On This Day in History: Tiananmen Square Protests
On this day in 1989, 100,000 Chinese citizens gathered in Tiananmen Square. I wanted to learn more about the event so I turned to Oxford Reference Online which led me to The Concise Oxford Dictionary of Politics edited by Iain McLean and Allistair McMillan. Below the entry on Tiananmen Square is excerpted.
Tiananmen, the Gate of Heaven’s Peace, the main square of Beijing, where in the early hours of 4 June 1989 a huge pro‐democracy demonstration was repressed by armed force.
The democracy movement began during the Cultural Revolution when many Red Guards, while accepting Mao ‘s instructions to attack the Party establishment, realized that rebellion would be fruitful only if it aimed at the achievement of democracy. The first expression of this was the Li Yi Zhe Poster of 1974 which while supporting the aims of the Great Proletarian Cultural Revolution argued for democratic institutions. The second was Chen Erjin’s book, Crossroads Socialism, written just before the death of Mao and published during the Democracy Wall demonstrations of late 1978 . This sought to extend Marxism by arguing that violent socialist revolution inevitably produces yet another exploitative social formation, the rule of the authoritarian revolutionary elite. A second revolution is always necessary to put real power in the hands of the people, through the establishment of democracy.
Mao’s successors, themselves victims of the Cultural Revolution, had an interest in strengthening the rule of law, and an interest in relaxing political control enough to prevent another outbreak. Deng Xiaoping had a personal interest in mobilizing democratic sentiment against the left. He supported the Democracy Wall protest of late 1978 until the young radical factory worker Wei Jingsheng demanded democracy ‘as a right’ and poured contempt on Deng’s half‐measures. Wei was sentenced to 15 years’ imprisonment, fifty other participants were arrested, and the right to use ‘big character’ posters (which Mao had approved) was abolished. Thereafter, however, Deng sought to maintain a balance between the democratic elements within the Party and the conservative veterans. At the same time he supported his protégé Hu Yaobang (Secretary‐General of the CCP from 1980 ), who had gone so far as to affirm (as Chen Erjin had done) that the forms of democracy have universal validity, whatever the content may be in terms of class.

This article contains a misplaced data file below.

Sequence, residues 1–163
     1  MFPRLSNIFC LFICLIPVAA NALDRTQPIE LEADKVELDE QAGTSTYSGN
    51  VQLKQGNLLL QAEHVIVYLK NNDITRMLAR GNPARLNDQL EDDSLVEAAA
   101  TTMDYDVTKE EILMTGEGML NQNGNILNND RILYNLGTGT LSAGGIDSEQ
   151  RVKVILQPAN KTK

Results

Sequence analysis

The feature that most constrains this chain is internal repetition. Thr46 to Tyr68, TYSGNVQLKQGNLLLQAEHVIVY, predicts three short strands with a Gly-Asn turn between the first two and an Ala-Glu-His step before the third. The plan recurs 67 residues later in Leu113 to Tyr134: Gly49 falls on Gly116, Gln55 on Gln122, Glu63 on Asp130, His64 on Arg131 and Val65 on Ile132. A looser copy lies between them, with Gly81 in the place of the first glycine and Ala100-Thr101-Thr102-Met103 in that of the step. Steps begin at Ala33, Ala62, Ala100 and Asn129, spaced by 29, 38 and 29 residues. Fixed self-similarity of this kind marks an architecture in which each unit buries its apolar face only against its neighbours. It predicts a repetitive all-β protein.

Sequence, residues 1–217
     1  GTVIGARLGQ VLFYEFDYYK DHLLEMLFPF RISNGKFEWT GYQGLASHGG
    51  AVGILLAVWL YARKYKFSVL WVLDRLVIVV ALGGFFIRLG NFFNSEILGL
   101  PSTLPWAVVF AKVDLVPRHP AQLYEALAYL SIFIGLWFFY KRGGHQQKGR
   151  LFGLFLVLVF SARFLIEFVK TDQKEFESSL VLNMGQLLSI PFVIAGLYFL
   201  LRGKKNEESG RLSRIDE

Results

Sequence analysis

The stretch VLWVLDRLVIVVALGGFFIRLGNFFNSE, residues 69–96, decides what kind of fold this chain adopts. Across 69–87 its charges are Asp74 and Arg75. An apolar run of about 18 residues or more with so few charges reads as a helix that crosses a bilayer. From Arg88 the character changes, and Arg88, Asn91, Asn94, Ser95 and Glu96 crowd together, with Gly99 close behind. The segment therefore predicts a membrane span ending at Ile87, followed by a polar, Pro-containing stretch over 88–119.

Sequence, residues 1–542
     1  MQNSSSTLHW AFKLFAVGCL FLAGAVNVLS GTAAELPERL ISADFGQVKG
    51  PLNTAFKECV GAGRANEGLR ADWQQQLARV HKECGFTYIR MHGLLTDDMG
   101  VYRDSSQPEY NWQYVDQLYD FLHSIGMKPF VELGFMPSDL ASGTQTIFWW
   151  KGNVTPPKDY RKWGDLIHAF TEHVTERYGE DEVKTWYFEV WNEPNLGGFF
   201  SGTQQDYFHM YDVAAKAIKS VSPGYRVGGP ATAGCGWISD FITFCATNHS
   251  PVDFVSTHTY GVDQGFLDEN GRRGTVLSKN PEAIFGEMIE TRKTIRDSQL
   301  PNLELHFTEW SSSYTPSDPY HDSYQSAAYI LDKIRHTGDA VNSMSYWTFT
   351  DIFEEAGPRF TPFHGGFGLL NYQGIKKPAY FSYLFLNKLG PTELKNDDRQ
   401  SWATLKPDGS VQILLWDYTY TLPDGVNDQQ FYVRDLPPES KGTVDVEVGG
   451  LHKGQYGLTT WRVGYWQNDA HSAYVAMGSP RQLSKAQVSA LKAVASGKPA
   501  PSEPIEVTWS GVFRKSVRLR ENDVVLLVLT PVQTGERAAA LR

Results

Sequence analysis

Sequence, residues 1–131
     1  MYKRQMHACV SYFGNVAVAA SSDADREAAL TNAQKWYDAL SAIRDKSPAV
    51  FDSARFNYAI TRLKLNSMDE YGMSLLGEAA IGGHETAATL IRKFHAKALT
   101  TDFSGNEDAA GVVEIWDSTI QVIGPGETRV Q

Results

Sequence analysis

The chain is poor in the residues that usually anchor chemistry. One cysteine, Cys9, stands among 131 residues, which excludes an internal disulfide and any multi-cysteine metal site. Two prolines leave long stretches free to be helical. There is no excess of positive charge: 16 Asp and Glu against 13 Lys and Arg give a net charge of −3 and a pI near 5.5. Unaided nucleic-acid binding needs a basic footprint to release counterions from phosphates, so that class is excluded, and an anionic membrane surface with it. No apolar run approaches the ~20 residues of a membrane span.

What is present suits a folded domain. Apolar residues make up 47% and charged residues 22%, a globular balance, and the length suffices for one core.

However, when Hu refused to suppress the next great democratic demonstration in 1986 at Kei Da University where the radical democrat Fang Lizhi was Professor of Physics, Deng forced Hu’s dismissal. In early 1989 Hu died. By this time he was the hero of the democratic movement. When the leadership arranged a demeaning low‐key funeral, students marched to Tiananmen Square to protest. Thus the demonstration began.
There were at this point three groups involved in democratic dissent. The first was among intellectuals who hoped for democratization from the top. The second was led by former Red Guards who encouraged democratic revolution from below and were engaged in mobilizing workers and peasants. The third called themselves ‘Neo‐Authoritarians’; they argued that continued authoritarianism was required to carry through economic changes which would create a pluralist society capable of sustaining democracy. In spite of their views, they nevertheless supported the demonstrators.